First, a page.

In a very smart and measured editorial last Sunday in the Denver Post, Professor Lloyd Burton of the School of Public Affairs at the University of Colorado, Denver, pointed out how language shapes our views of wildfires and forest management:
We have three problems with our narrative: First, it is an urban narrative applied to a mostly rural landscape; that is, it reports on [wildland-urban interface] wildfires as if they were urban fires. The initial focus is always on proximate causes (what ignited the fire), followed by a quest for fault-finding, usually around the issues of why the fire wasn’t immediately eradicated or why everyone may not have been moved out of harm’s way.
Applying the urban narrative to the WUI also stresses the necessity for the immediate and total suppression of all fires, whenever and wherever they arise. In the urban context, this is absolutely understandable. To do anything other than that would invite catastrophe in our densely populated cities. But applying this urban expectation to WUI wildfires is both futile and inappropriate.
A second problem is that the news media mindset and resulting language of its discourse is saturated in metaphors of war. We are treated daily to visuals of ex-military aircraft bombing fires and structures with toxic fire-retardant. We have strong, courageous, well-trained and well-disciplined “fighters” in the field being coordinated by a top-down incident command system; and we use many of the same communications technologies and terms to implement tactical field maneuvers.
So war talk seems nearly as irresistible to reporters and government officials as is the visual coverage of suppression efforts. When we combine use of the war metaphor with the immediate suppression expectation, it casts fire in the role of relentless and implacable enemy. Anything less than its swift and total eradication is cast as a military defeat.
So how is the Denver Post reporting on the wildfires that are tearing up the foothills on the Front Range this summer? This morning’s headline in the online version of the DP is “Wildfires: Military on the Attack,” with an accompanying image of a C-130 military plane captioned “the battle to contain devastating wildfires across Colorado reached a new and more aggressive stage Monday as C-130 military tankers joined the fight to bombard the Waldo Canyon blaze with thousands of gallons of fire retardant.” Sorry, Professor Burton! We Americans just love our gear and our wars, don’t we?
Me, I think it’s a safe and easy solution to live in cities and towns instead of the WUI, for all kinds of reasons, fire being only just one of them. U.S. Americans are really strange in their insistence that rural landscapes are safer than urban ones. Maybe my perspective is very Old World, but there’s a reason that Europeans clustered together in walled cities after the fall of Rome. (What happens in fairy tales when Hansel and Gretel, or Little Red Riding Hood, wander away from home and into the forest? Cannibal witches and big, bad wolves prey on them! Nature plays a malevolent role in fairy tales–think of the thicket of thorns that surround Sleeping Beauty’s castle while she’s enduring her hundred-year nap.) Maybe it’s because as a woman, I’ve always felt safer in cities, where there are lots of people in the streets (a la Jane Jacobs) who help maintain a kind of social order and whose presence can usually prevent crime (or if not prevent, at least render speedy aid.) The idea that the rural or wild landscape is somehow healthier seems to me to be a very white and a very masculine position.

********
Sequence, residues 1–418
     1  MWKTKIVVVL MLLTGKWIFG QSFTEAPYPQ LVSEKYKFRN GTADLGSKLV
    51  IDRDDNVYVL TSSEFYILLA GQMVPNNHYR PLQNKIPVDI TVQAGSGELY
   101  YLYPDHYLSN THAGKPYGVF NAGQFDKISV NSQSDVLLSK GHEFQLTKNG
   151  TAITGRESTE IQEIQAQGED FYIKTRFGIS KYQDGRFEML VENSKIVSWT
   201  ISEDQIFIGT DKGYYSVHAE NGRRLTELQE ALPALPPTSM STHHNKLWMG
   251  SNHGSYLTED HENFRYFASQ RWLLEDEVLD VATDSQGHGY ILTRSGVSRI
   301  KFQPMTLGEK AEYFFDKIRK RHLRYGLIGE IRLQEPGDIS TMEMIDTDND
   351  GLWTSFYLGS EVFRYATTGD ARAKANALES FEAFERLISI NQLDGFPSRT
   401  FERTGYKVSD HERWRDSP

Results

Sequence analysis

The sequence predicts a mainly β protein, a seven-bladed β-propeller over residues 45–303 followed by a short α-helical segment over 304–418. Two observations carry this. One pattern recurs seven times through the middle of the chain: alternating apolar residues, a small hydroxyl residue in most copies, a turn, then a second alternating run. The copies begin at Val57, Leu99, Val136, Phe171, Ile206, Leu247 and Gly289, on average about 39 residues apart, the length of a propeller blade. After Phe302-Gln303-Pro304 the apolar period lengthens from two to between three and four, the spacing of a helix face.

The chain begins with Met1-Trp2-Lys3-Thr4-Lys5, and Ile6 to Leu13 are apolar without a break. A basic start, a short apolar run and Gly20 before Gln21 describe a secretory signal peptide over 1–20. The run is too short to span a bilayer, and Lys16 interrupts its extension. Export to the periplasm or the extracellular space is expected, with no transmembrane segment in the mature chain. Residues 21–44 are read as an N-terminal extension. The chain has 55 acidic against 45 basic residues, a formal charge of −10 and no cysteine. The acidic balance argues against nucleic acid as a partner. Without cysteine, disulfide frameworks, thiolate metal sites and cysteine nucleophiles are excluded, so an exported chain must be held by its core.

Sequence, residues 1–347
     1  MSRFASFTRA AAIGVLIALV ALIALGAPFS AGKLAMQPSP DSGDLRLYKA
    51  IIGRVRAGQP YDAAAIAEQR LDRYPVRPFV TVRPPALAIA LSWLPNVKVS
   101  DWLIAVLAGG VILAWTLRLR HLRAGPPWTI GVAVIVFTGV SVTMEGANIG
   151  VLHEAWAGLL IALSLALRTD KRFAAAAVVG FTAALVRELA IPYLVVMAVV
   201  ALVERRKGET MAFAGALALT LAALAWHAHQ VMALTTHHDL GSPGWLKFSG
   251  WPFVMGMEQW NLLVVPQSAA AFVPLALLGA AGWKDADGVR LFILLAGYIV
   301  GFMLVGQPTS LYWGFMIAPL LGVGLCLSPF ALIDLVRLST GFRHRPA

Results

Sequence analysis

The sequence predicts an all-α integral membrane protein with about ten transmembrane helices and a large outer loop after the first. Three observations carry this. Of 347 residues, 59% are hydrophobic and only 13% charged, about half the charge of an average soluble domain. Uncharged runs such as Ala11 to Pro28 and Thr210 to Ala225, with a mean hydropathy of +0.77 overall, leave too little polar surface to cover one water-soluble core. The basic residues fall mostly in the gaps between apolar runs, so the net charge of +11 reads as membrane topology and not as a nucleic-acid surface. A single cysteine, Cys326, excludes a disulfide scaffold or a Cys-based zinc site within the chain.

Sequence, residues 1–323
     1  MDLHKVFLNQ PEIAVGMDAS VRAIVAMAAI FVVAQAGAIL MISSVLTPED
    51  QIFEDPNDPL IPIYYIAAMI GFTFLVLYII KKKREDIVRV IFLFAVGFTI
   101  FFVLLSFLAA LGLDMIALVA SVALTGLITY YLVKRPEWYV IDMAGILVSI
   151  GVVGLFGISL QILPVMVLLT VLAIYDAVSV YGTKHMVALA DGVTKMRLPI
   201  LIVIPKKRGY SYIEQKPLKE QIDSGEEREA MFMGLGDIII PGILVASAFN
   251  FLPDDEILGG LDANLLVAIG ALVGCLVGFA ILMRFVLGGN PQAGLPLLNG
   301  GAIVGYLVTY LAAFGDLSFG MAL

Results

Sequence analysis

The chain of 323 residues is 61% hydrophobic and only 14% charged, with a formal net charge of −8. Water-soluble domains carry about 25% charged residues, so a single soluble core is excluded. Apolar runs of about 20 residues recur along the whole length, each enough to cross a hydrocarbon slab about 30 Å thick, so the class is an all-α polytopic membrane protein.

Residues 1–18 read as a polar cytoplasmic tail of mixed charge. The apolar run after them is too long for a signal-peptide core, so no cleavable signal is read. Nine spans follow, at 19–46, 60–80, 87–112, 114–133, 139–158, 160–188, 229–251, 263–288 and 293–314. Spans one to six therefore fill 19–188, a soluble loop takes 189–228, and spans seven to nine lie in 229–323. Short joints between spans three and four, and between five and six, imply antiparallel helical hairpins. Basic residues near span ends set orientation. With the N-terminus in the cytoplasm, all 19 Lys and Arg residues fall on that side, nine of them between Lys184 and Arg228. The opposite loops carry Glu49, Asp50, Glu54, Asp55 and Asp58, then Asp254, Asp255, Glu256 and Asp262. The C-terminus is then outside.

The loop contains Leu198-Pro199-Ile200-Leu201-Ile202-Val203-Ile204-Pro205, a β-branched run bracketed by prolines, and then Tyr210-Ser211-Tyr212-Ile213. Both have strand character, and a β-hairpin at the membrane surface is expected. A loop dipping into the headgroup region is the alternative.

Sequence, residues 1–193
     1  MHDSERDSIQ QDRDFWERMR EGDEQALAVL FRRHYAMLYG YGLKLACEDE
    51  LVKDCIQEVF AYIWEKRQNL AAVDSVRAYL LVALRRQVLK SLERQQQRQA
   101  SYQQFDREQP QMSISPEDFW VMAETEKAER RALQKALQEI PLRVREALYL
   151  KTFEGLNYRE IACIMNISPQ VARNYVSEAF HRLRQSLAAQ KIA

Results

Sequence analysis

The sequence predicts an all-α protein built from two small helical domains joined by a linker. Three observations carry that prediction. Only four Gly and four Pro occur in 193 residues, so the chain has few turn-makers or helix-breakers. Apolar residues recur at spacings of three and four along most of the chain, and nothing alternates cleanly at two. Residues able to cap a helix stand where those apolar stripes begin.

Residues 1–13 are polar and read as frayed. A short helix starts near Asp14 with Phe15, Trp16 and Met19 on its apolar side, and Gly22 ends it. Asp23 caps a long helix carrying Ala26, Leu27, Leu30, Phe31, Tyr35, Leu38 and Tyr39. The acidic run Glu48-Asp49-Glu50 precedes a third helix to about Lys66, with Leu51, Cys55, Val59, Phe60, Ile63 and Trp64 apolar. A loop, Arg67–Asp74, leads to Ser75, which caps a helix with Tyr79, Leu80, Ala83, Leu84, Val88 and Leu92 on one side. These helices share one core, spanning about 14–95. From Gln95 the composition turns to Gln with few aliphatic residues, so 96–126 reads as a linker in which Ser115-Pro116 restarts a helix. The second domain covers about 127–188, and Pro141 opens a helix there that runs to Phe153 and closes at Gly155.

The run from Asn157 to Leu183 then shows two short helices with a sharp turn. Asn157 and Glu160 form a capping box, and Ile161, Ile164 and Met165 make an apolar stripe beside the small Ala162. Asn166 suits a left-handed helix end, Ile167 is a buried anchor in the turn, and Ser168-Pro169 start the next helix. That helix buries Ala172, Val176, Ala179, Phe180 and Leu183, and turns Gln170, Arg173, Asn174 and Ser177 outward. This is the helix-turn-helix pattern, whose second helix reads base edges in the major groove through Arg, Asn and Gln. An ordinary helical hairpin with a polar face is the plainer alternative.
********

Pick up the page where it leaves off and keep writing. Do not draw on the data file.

I never felt afraid as a runner–even alone, even at night–in Cambridge or Somerville, Massachusetts, Philadelphia, Baltimore, Washington, or Providence, R.I. in my mendicant student/VAP days, whereas I feel that I must be more vigilant and more alert running along the rural roads around my parents’ house in Michigan. The scariest situation I’ve ever had as a runner was just about two miles from their house, when 15 years ago I was chased by a pack of vicious dogs who were apparently notorious in their neighborhood. (Much to my amazement, after running at top speed while screaming and peeing in my shorts the whole time, a Michigan State Trooper pulled up at the nearest intersection after just 20 or 30 seconds of this! What luck! I have never before nor since seen a State Trooper on those roads! But also: the semi-feral dog chase never would have happened in the big city.)
Baa Ram U. has established a fund to which the university community (and others) may contribute to help our colleagues and students who have been burned out of their homes in the foothills by the High Park fire west of Fort Collins, but I really wonder if donating money to people who live in the WUI are really our most deserving targets for charitable support. (Am I being too judgmental here? Too much of a Grinch?) Fratguy and I support the local food bank very heavily, and my thinking is that it makes more sense to support all needy people rather than just the unfortunates who lived in the foothills, most of whom chose to live there and even lived there quite nicely in new mini-mansions and second homes.
What do you think about cities, rural landscapes, and the WUI?